• Example 3: In the same scenario described in Example 2, if the state finds that those person-centered planning regulatory requirements are not being met, the setting would be required to implement remediation to comply with those provisions. In this example, the state verifies that the setting completes needed remediation on November 15, 2019 and provides an attestation to CMS on December 1 that the remediation has occurred. FFP would be available for expenditures for HCBS provided by the setting on or after November 15, 2019.

RAD for PRAC Implementation Guidance Delayed

The release of guidance implementing Rental Assistance Demonstration (RAD) for PRAC, expected earlier this spring or summer, is still delayed and may not be issued until early fall.

As soon as the guidance is issued, we will disseminate information detailing where members can find the new RAD notice.

In the meantime, HUD has released state-by-state RAD Fact Sheetsthat demonstrate how the program helps preserve affordable housing. These interactive fact sheets provide information on RAD activity in each state, including how many projects and units have been closed as well as an estimate of how many people have been helped.

HUD notes that these fact sheets are updated in real time as RAD transactions close. More info at:


CMS Updates Recently Revised Appendix Q

The Centers for Medicare & Medicaid Services (CMS) has issued additional updates to the State Operations Manual Appendix Q, including guidance to surveyors on citing immediate jeopardy. 

This time around, changes include the addition of one small, very significant paragraph: Surveyors are reminded that criminal acts must be reported to local law enforcement. Related to noncompliance and noncompliance cited at the level of immediate jeopardy, surveyors are advised that if the entity refuses to report or if the surveyor cannot verify that a report was made, the surveyor must consult with his/her supervisor and must report potential criminal incident to local law enforcement immediately.

An updated Appendix Q is included in the memo.


Checking In on PDPM: Checklists, Milestones and Outcomes

It’s happening in less than 60 days. The new Patient Driven Payment Model (PDPM) goes into effect on October 1. Are you prepared for this major change in how you document and are reimbursed for care? 

A recent blog post by PointRight in McKnight’s Long-Term Care News provides key milestones that you should have achieved by now, as well as the essential things you should between now and October 1 and a few questions to ask six months and one-year post-implementation to help you assess whether you are meeting your goals.

To read more, see PDPM: Where providers should be now, on October 1 and at 6 and 12 months post implementation.There will be a session covering PDPM at our Fall Leadership Conference on September 11 with the latest update on PDPM and how to get ready for the changes that will be launching October 1.  Be sure to register by Friday, August 16 to receive the lowest registration rate possible!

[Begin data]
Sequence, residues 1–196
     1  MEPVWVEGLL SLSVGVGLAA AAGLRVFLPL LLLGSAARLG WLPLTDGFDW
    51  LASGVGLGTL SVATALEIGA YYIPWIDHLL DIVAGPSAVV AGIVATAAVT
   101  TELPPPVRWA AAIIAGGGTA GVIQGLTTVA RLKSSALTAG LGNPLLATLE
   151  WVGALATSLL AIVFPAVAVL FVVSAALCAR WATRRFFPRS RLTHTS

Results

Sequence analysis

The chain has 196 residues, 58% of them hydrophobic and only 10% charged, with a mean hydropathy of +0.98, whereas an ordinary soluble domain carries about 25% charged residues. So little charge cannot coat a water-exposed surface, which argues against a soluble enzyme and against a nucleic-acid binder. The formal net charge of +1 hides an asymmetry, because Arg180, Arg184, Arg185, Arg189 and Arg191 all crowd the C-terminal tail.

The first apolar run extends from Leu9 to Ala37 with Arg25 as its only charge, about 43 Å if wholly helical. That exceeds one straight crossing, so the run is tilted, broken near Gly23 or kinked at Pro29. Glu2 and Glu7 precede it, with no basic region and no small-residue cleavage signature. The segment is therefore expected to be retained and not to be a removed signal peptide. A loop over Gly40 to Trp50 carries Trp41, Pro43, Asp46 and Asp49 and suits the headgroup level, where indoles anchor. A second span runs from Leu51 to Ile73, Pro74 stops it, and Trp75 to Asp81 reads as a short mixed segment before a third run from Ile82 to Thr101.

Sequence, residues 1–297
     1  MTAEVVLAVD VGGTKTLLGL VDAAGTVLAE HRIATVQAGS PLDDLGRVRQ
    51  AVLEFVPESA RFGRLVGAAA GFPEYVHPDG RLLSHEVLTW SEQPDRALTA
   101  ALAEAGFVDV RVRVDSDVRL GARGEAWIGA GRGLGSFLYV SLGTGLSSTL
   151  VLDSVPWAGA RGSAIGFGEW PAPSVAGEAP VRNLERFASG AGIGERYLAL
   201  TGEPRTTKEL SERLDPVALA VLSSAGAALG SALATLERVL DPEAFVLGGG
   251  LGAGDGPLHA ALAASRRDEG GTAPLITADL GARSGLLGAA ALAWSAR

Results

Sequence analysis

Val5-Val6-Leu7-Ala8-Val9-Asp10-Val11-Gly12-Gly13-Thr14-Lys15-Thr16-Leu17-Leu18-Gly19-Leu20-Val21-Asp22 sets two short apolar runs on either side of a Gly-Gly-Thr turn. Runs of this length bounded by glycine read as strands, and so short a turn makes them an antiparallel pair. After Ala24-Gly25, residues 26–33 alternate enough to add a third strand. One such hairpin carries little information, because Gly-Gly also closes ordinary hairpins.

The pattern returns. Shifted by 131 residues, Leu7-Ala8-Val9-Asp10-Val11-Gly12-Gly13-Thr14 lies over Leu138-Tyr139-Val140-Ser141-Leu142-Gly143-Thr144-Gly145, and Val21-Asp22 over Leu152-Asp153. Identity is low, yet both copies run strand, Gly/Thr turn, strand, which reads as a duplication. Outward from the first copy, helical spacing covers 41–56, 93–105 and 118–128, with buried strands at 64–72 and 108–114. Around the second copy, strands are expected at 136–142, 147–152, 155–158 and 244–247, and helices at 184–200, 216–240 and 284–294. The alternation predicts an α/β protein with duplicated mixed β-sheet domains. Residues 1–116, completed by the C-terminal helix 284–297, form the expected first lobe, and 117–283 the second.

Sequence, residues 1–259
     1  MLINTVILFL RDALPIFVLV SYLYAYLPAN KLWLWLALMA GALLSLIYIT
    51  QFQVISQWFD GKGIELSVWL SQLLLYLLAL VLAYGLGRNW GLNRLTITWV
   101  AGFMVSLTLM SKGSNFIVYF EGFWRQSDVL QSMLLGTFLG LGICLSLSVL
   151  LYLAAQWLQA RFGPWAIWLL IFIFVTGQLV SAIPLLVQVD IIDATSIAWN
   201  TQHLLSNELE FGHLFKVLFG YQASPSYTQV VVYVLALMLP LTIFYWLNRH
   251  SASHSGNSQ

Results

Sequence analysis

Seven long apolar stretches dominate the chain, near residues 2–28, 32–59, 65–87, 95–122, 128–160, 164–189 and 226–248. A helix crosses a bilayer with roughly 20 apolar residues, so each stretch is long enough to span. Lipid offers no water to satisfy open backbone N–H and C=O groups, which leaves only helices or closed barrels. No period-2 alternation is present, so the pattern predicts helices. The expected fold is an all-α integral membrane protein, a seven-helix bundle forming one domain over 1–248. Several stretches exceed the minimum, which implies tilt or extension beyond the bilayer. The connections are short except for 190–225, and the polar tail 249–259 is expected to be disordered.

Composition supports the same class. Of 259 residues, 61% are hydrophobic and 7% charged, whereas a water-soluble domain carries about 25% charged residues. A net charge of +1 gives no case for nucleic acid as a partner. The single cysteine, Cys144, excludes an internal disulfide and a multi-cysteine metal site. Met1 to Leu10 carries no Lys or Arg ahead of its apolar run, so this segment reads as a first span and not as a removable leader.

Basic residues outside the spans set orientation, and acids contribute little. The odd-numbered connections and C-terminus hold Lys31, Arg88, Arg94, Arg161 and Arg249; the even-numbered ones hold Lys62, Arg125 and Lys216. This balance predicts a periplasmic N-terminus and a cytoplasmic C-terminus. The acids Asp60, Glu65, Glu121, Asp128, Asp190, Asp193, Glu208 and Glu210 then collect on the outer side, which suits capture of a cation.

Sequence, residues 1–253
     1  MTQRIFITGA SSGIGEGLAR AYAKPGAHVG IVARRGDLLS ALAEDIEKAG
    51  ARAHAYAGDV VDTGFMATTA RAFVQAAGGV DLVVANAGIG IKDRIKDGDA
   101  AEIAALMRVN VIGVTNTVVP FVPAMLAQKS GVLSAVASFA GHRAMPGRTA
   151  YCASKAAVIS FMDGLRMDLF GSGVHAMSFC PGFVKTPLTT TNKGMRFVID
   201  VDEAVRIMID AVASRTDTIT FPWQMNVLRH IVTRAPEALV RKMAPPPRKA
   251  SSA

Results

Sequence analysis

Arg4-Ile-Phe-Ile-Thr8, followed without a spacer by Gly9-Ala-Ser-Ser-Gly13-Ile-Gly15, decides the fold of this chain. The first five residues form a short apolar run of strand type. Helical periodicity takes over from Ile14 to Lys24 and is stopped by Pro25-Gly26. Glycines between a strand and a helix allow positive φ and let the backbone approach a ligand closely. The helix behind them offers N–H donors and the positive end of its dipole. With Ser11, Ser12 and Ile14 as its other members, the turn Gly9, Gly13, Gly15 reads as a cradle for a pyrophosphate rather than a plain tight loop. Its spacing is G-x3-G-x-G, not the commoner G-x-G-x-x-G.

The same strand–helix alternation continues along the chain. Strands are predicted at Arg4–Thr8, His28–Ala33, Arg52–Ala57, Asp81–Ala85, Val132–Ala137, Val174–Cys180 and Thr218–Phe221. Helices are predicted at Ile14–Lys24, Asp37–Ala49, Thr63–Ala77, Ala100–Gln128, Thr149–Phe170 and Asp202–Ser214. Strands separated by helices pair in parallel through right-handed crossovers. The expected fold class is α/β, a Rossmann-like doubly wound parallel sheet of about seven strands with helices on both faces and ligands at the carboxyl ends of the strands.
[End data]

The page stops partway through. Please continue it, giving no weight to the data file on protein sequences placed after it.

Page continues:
Change from KEPRO to Livanta Requires Action by Medicare Providers

Livanta replaced KEPRO as the Beneficiary and Family Centered Care (BFCC) Quality Improvement Organization (QIO) for Iowa effective June 8, 2019. The purpose of the BFCC-QIO is to conduct quality of care reviews, beneficiary complaint reviews, and discharge and termination of service appeals in various Medicare provider settings. Livanta requires a Memorandum of Agreement (MOA) from providers.  To complete a new MOA and read frequently asked questions (FAQs), click here.

Skilled nursing facilities need to act in relation to the transition to Livanta, and may experience questions from surveyors relating to the transition, and as a reminder, Federal regulations at F575 require facilities to post a list of names and contact information for various state agencies and advocacy groups to include the BFCC-QIO.

Update Your Appeals Notices: Post-acute providers must update the Notice of Medicare Non-coverage with Livanta’s phone number for Iowa’s region. See the table on this Livanta webpage for phone numbers (also listed below).  If your facility uses pre-printed notices, please note that it is acceptable to use labels to cover the existing BFCC-QIO information on the appeals notices. The typeface must be clear, bold and 12 point or larger.  You may also hand-write over pre-printed notices, although this is not preferred.

Update Your Bill of Rights Forms:  Residents admitted on or after June 8, 2019, should receive a copy of the Bill of Rights (BOR) that includes the Livanta contact information, rather than the KEPRO contact information.  As shown below, the BOR should list Livanta rather than KEPRO:

Medicare Beneficiary and Family Centered Care Quality Improvement Organization

Livanta BFCC-QIO Program
 9090 Junction Drive, Suite 10
 Annapolis Junction, MD 20701

Phone: 1-888-755-5580
 Fax: 1-833-868-4061